Is the position of Provincial Administrator primarily confidential?
Does the rule on nepotism apply to designation?
As correctly maintained by the public respondent and the Solicitor General, the position of Provincial Administrator is embraced within the Career Service under Section 5 of P.D. No. 807 as evidenced by the qualifications prescribed for it in the Manual of Position Descriptions, 16 to wit:
Education : Bachelor's degree preferably in Law/Public or Business Administration.
Experience : Six years of progressively responsible experience in planning, directing and administration of provincial government operations. Experience in private agencies considered are those that have been more or less familiar level of administrative proficiency.
Eligibility : RA 1080 (BAR)/Personnel Management Officer/Career Service (Professional)/First Grade/Supervisor).
It may be added that the definition of its functions and its distinguishing characteristics as laid down in the Manual, thus:
xxx xxx xxx
Under the direction of the Provincial Governor, responsible for the overall coordination of the activities of the various national and local agencies in the province; and general planning, direction and control of the personnel functions and the administrative services of the Governor's Office.
3. DISTINGUISHING CHARACTERISTICS:
This is the class for top professional level management, administrative and organizational work in the operation of provincial government with highly complex, involved relationships with considerable delegation of authority and responsibility and a high degree of public contact.
render indisputable the above conclusion that the subject position is in the career service which, per Section 5 of P.D. No. 807, is characterized by (a) entrance based on merit and fitness to be determined as far as practicable by competitive examinations, or based on highly technical qualifications, (b) opportunity for advancement to higher career positions, and (c) security of tenure. More specifically, it is an open career position, for appointment to it requires prior qualification in an appropriate examination. 17 It falls within the second major level of positions in the career service, per Section 7 of P.D. No. 807, which reads:
Sec. 7. Classes of Positions in the Career Service. — (a) Classes of positions in the career service appointment to which requires examinations shall be grouped into three major levels as follows:
xxx xxx xxx
(2) The second level shall include professional, technical, and scientific positions which involve professional, technical, or scientific work in a non-supervisory or supervisory capacity requiring at least four years of college work up to Division Chief level; . . .
x x x x
Petitioner, however, contends that since what he extended to his brother is not an appointment, but a DESIGNATION, he is not covered by the prohibition. Public respondent disagrees, for:
By legal contemplation, the prohibitive mantle on nepotism would include designation, because what cannot be done directly cannot be done indirectly. 24
We cannot accept petitioner's view. His specious and tenuous distinction between appointment and designation is nothing more than either a ploy ingeniously conceived to circumvent the rigid rule on nepotism or a last-ditch maneuver to cushion the impact of its violation. The rule admits of no distinction between appointment and designation. Designation is also defined as "an appointment or assignment to a particular office"; and "to designate" means "to indicate, select, appoint or set apart for a purpose or duty. 25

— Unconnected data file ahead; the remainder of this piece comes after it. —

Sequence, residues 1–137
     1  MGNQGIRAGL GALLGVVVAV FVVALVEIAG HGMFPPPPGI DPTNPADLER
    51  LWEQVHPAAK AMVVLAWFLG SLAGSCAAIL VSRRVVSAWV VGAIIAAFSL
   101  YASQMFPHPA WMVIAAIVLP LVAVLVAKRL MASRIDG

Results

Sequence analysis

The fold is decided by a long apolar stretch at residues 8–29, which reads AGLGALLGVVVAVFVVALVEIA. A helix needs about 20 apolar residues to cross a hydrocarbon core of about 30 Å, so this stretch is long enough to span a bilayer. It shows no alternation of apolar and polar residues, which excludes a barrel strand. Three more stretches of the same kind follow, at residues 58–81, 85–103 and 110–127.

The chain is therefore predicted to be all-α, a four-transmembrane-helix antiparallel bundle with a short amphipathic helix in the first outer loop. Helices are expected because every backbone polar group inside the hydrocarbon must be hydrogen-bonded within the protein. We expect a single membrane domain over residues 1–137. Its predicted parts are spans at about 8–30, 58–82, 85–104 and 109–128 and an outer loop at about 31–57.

In Borromeo vs. Mariano, 26 this Court said:
. . . All the authorities unite in saying that the term "appoint" is well-known in law and whether regarded in its legal or in its ordinary acceptation, is applied to the nomination or designation of an individual . . . (emphasis supplied).
In Binamira vs. Garrucho, 27 this Court, per Mr. Justice Isagani M. Cruz, stated:
Designation may also be loosely defined as an appointment because it likewise involves the naming of a particular person to a specified public office. That is the common understanding of the term. However, where the person is merely designated and not appointed, the implication is that he shall hold the office only in a temporary capacity and may be replaced at will by the appointing authority. In this sense, the designation is considered only an acting or temporary appointment, which does not confer security of tenure on the person named.
It seems clear to Us that Section 49 of P.D. No. 807 does not suggest that designation should be differentiated from appointment. Reading this section with Section 25 of said decree, career service positions may be filled up only by appointment, either permanent or temporary; hence a designation of a person to fill it up because it is vacant, is necessarily included in the term appointment, for it precisely accomplishes the same purpose. Moreover, if a designation is not to be deemed included in the term appointment under Section 49 of P.D. No. 807, then the prohibition on nepotism would be meaningless and toothless. Any appointing authority may circumvent it by merely designating, and not appointing, a relative within the prohibited degree to a vacant position in the career service. Indeed, as correctly stated by public respondent, "what cannot be done directly cannot be done indirectly." 28